Section 75 Claims vs. Chargebacks
In the United States, chargebacks exist because of the Fair Credit Billing Act of 1974, which established a legal right for consumers that necessitated the creation of the chargeback process. Chargebacks and equivalent processes exist in other countries as well, but because they aren’t following the FCBA’s legal framework, there can be some important differences.
In the United Kingdom, the law that protects consumers from merchant fraud and related disputes is called Section 75. It works like a chargeback on the consumer end, but it’s not the same. What is the UK’s Section 75 consumer protection, and how does it differ from chargebacks?
At this point in their history, credit cards were attracting enough fraud that legal protections were needed in order to ensure that consumers would continue to feel safe using them.
Like the FCBA, the CCA protects consumers from liability when their card is used fraudulently. It also provides protection in situations where the merchant doesn’t provide the consumer with the goods or services they paid for.
For many merchant dispute scenarios, UK consumers are advised to exercise their Section 75 rights to get their money back. This is different from the chargeback process, which may or may not be available to a UK cardholder.
What Is Section 75?
Section 75 is a part of the CCA that deals with credit card purchases and who is liable when misrepresentation or breach of contract occurs. When a consumer doesn’t get what they paid for, they can file a Section 75 claim, and according to the law, both the merchant and the credit card issuer are equally liable. This is a significant difference from the US law, which makes the merchant alone liable.
Section 75 protections apply to any single credit card purchase, card-present or card-not-present, made by a UK consumer. The purchase amount must be between £100 and £30,000. Debit cards are not covered.
One important detail is that if the credit card purchase was only a down payment or deposit, Section 75 still covers the entire purchase, even if the remaining balance was paid via some other means.
There is no time limit on filing a Section 75 claim.
What Situations Does Section 75 Cover?
The scenarios Section 75 applies to are generally the ones lumped together as merchant or consumer disputes in an American dispute management context. Specifically:
- Delivery never arrived
- Item is defective
- Item is not as described
- Merchant went out of business
Under Section 75, associated costs can also be recovered—so if you book a hotel and they lose your reservation, the cost of your alternate last-minute accommodations might be covered.
Section 75 explicitly does not cover transactions where a third party is mediating the purchase between the buyer and seller. In other words, consumers can’t invoke it when they book a hotel room through a travel agency, buy tickets from a ticket reseller, or make credit card payments through an intermediary platform like PayPal.
How Do You Make a Section 75 Claim?
Because Section 75 is a legal requirement, most UK banks will have an online form for submitting Section 75 claims and should accept them by phone or mail as well. With their claim, consumers may need to provide their proof of purchase, a copy of the purchase agreement, documentary evidence in support of their claim, and proof that they have already tried to contact the merchant.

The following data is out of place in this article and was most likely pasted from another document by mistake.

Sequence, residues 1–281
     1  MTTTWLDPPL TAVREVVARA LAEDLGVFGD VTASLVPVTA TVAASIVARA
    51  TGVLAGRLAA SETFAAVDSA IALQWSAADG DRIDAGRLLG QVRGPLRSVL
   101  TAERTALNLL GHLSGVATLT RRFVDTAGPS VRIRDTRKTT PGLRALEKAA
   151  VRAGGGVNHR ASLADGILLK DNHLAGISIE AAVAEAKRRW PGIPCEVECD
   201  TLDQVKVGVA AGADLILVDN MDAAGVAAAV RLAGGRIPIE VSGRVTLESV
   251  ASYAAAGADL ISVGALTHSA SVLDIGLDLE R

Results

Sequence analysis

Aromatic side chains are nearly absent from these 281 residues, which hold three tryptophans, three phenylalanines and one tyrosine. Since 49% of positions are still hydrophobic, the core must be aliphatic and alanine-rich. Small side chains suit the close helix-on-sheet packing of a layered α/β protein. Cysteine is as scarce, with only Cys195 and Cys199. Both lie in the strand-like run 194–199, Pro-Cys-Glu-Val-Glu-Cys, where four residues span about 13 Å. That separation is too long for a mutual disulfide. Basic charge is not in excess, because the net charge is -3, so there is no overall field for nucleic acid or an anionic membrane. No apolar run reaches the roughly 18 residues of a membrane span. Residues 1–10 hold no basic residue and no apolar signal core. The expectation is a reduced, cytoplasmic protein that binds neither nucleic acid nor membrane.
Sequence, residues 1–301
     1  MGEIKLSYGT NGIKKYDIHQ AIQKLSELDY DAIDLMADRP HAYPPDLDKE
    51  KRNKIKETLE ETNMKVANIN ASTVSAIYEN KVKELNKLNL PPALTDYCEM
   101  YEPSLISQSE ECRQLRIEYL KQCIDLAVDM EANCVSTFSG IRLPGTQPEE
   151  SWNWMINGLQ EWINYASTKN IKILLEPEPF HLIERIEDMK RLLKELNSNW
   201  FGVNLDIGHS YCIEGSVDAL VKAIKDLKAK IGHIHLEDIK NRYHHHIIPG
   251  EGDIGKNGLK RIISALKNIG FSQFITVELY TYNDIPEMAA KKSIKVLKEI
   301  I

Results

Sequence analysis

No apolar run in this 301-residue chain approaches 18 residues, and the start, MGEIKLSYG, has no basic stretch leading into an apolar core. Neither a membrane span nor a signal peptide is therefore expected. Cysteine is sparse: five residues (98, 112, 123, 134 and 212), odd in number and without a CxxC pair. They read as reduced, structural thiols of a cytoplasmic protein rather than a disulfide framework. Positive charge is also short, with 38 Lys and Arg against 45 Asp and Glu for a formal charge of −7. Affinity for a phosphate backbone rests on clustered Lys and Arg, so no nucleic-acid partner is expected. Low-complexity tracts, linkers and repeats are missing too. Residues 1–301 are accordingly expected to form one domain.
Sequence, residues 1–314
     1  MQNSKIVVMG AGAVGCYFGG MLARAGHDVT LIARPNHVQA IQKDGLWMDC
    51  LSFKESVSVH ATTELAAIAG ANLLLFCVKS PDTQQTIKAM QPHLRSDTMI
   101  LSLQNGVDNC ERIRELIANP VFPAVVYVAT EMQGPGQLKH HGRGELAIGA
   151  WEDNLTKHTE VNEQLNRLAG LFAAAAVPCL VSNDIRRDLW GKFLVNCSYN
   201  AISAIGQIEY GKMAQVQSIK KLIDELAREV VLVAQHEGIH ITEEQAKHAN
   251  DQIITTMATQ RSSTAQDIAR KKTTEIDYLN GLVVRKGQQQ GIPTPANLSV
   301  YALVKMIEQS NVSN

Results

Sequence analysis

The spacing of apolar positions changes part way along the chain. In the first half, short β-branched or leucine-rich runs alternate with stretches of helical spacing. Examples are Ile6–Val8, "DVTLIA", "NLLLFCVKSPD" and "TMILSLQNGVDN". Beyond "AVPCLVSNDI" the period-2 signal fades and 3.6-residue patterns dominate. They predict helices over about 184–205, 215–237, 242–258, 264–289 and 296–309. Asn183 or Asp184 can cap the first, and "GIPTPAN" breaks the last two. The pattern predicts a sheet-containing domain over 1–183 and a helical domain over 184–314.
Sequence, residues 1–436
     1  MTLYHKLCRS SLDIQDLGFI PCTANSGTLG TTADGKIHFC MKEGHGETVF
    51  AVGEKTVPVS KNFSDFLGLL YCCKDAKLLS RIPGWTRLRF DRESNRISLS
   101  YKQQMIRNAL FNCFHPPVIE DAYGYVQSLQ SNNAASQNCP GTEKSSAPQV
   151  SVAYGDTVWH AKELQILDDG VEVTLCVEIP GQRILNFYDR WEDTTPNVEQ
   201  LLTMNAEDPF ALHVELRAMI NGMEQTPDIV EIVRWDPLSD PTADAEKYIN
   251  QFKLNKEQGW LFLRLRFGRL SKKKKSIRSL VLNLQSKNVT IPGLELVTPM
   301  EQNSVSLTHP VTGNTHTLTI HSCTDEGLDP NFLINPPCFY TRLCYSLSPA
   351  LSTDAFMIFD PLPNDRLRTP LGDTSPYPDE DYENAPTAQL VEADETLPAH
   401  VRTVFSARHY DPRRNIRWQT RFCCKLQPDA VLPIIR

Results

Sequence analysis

The law doesn’t mandate a time limit for the issuing bank to respond, but it’s reasonable to expect claims to be resolved within a month or less. If a claim is rejected, the consumer can try to appeal it by contacting the Financial Ombudsman Service.
How Does Section 75 Affect Merchants?
When it comes to Section 75 claims, it doesn’t matter whether the merchant is in the UK or not—the law applies either way because the UK-based bank is just as liable as the merchant. The bank may go after the merchant for repayment if they have any means to do so, but they cannot automatically claw funds back from merchants the way that chargebacks do. Likewise, they won’t affect the merchant’s chargeback ratio.
What’s the Difference between Section 75 and a Chargeback?
In the UK, Section 75 claims are required by law, whereas chargebacks are a voluntary process offered by the card networks in the interest of creating better, more consistent customer experiences. Consumers with a dispute that doesn’t fit the Section 75 parameters may be able to file a chargeback instead if their issuer offers them the option.
Chargebacks can be filed against debit card purchases, and the minimum dollar amount is usually lower than £100. However, there’s a time limit to filing a chargeback request—usually 120 days—and the consumer is obligated to contact the merchant first instead of pursuing simultaneous claims.
Because Section 75 claims are backed by UK law and chargebacks are not, the Section 75 claim is always the better choice for the consumer when they have a dispute that meets the criteria.
It’s always nice to encounter a mechanism for dispute resolution that can’t mess with your chargeback ratio. It’s also likely that because Section 75 requires merchants and banks to share liability for consumer disputes, it incentivizes banks to look more closely into claims and root out friendly fraud more aggressively.
The one downside to Section 75 for merchants is that if you’re located in the US or anywhere else outside of the UK, you might not always be aware that a Section 75 claim has been filed.
While disputes are best avoided, they always provide valuable information about what your customers are feeling and experiencing. When subjected to analysis, that information can give you insights into how to avoid disputes in the future. If you’re getting complaints from UK customers that suddenly stop, don’t assume the problem has solved itself—they might be giving up and filing Section 75 claims.